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Proposed waste-to-jet fuel plant in Gary faces opposition

An aerial view of Fulcrum BioEnergy's Sierra BioFuels Plant in Storey County, Nevada. (Courtesy of Google Maps)
An aerial view of Fulcrum BioEnergy's Sierra BioFuels Plant in Storey County, Nevada. (Courtesy of Google Maps)

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The Gary Common Council recently voted to approve an industrial plant that converts trash into jet fuel. If built, it would be the largest such facility in the country.

Flyn van Ewijk is the developer for the project for Fulcrum BioEnergy. He said the plant would create 130 full-time jobs and about 1,000 in construction. Ewijk said it’s also a greener kind of jet fuel that would divert 700,000 tons of waste a year from the greater Chicago area.

“It's a fuel that reduces [jet] emissions by over 80 percent compared to traditional fuels — or fossil based fuel — and in the process diverts a significant amount of waste from landfills, including in northwest Indiana," he said.

But some Gary residents have concerns about pollution from the plant. Kimmie Gordon is the founder of the nonprofit Brown Faces Green Spaces and part of a new group that formed in opposition called GARD — or Gary Advocates for Responsible Development.

Fulcrum’s only other plant near Reno, Nevada, hasn’t yet produced its first batch of fuel. Gordon said that makes it hard to say how much pollution comes out of Fulcrum’s process and what effect it would have on residents in Gary.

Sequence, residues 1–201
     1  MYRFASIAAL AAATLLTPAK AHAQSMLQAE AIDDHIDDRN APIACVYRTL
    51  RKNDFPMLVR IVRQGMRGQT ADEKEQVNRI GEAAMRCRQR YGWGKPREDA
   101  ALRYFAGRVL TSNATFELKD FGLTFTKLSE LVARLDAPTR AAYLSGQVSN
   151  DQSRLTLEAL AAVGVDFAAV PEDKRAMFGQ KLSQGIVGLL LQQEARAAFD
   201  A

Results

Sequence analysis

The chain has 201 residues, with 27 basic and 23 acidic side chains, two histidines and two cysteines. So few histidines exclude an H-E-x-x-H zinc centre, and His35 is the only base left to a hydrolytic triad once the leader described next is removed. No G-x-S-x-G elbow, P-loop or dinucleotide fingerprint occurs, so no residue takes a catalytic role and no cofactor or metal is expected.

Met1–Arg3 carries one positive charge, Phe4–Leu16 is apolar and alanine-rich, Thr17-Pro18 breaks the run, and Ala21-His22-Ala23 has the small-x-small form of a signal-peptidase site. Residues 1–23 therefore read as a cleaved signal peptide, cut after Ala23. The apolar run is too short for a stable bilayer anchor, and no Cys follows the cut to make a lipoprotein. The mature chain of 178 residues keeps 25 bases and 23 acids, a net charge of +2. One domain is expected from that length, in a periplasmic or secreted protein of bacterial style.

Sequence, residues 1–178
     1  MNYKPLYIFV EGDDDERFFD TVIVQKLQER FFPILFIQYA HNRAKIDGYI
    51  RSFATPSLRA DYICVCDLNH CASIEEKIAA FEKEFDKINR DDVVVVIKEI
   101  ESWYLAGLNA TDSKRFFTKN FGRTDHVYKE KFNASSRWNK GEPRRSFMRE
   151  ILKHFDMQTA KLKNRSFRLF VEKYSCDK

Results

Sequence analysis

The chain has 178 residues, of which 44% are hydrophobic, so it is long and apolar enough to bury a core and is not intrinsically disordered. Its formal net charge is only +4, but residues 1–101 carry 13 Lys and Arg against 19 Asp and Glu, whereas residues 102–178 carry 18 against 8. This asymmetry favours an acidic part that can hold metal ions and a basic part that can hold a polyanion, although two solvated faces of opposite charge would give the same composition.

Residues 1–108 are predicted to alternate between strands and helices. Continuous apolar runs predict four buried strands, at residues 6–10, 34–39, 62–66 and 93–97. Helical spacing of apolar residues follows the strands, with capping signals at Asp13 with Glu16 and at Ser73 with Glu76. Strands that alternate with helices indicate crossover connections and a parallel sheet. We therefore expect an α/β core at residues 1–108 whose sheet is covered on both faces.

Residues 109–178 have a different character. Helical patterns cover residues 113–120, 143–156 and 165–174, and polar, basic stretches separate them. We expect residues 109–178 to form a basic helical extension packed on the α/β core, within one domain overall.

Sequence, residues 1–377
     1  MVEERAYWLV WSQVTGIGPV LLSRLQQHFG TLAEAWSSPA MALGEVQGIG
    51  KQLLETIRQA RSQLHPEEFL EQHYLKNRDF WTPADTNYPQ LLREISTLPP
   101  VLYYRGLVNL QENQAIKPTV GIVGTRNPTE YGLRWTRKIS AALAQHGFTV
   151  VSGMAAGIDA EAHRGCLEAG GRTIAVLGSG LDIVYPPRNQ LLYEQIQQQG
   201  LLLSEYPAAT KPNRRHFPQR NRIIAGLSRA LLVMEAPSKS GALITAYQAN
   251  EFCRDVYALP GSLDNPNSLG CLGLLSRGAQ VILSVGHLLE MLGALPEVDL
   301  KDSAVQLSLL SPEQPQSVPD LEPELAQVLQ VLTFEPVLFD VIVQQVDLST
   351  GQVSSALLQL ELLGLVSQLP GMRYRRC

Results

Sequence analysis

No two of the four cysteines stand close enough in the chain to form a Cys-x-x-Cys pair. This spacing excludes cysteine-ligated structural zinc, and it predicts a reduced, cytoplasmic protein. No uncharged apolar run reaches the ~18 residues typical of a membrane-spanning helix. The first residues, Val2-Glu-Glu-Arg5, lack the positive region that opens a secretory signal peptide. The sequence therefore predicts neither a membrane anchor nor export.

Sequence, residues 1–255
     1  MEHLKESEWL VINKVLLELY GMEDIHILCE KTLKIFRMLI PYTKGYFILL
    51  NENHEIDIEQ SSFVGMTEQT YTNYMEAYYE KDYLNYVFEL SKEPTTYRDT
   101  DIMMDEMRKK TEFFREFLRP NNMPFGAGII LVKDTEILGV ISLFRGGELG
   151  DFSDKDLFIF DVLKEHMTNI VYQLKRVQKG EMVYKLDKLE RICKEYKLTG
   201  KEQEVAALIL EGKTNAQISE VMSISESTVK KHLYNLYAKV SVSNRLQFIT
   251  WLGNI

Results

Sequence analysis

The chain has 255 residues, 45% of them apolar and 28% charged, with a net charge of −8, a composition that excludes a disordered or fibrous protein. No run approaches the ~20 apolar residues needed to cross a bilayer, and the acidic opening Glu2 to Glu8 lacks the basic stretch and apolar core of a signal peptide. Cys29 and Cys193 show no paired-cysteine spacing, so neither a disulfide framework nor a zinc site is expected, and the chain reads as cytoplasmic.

“When we ask those questions, they're unable to tell us simply because their plant in Reno is not operating yet," she said.

Lori Latham is the environmental and climate justice committee chair for the Gary branch of the NAACP. She said Gary has long been a "dumping ground" for industry and that putting the Fulcrum plant there would continue that legacy of pollution.

“I have a hard time seeing how the city can move forward and access the asset that our lakefront is by, you know, locating solid waste dumps there," Latham said.

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Gordon said the land where the Fulcrum facility would be located — contaminated by a former cement plant — still hasn't been cleaned up. She said she would like to see Gary focus less on industrial development and more on the quality of life of people living there.

Ewijk said the trash itself wouldn't sit at the Gary facility, but would be trucked into the biorefinery from two other locations — one in Illinois and another in northwest Indiana, likely somewhere along the Interstate 65 corridor.

He said the company uses proven technology and will hold sessions with the public to help address residents’ concerns and update them on the Nevada plant.

The Indiana Department of Environmental Management still has to approve the company’s permit. The project was first proposed back in 2018

Contact reporter Rebecca at or follow her on Twitter at @beckythiele.

Indiana Environmental reporting is supported by the Environmental Resilience Institute, an Indiana University Grand Challenge project developing Indiana-specific projections and informed responses to problems of environmental change.

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Rebecca Thiele